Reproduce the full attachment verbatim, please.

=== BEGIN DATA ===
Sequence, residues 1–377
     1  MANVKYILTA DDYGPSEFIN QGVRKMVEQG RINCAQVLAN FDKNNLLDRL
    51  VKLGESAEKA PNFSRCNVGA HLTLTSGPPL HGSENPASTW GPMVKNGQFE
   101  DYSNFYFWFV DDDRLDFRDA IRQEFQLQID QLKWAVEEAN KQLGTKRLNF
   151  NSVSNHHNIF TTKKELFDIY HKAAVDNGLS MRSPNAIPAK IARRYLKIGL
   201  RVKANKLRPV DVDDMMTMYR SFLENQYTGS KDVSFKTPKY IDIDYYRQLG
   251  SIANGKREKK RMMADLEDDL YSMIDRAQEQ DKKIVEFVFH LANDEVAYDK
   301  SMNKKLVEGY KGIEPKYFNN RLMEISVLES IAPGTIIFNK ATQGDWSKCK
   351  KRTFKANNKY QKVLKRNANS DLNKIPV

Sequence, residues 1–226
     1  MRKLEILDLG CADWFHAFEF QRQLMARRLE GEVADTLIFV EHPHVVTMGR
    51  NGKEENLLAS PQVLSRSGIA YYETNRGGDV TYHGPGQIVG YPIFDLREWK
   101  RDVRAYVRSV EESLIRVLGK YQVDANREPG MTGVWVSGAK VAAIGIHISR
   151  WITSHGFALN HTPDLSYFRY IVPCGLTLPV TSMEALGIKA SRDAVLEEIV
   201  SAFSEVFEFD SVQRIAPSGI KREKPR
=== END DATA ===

Sequence, residues 1–377
     1  MANVKYILTA DDYGPSEFIN QGVRKMVEQG RINCAQVLAN FDKNNLLDRL
    51  VKLGESAEKA PNFSRCNVGA HLTLTSGPPL HGSENPASTW GPMVKNGQFE
   101  DYSNFYFWFV DDDRLDFRDA IRQEFQLQID QLKWAVEEAN KQLGTKRLNF
   151  NSVSNHHNIF TTKKELFDIY HKAAVDNGLS MRSPNAIPAK IARRYLKIGL
   201  RVKANKLRPV DVDDMMTMYR SFLENQYTGS KDVSFKTPKY IDIDYYRQLG
   251  SIANGKREKK RMMADLEDDL YSMIDRAQEQ DKKIVEFVFH LANDEVAYDK
   301  SMNKKLVEGY KGIEPKYFNN RLMEISVLES IAPGTIIFNK ATQGDWSKCK
   351  KRTFKANNKY QKVLKRNANS DLNKIPV

Sequence, residues 1–226
     1  MRKLEILDLG CADWFHAFEF QRQLMARRLE GEVADTLIFV EHPHVVTMGR
    51  NGKEENLLAS PQVLSRSGIA YYETNRGGDV TYHGPGQIVG YPIFDLREWK
   101  RDVRAYVRSV EESLIRVLGK YQVDANREPG MTGVWVSGAK VAAIGIHISR
   151  WITSHGFALN HTPDLSYFRY IVPCGLTLPV TSMEALGIKA SRDAVLEEIV
   201  SAFSEVFEFD SVQRIAPSGI KREKPR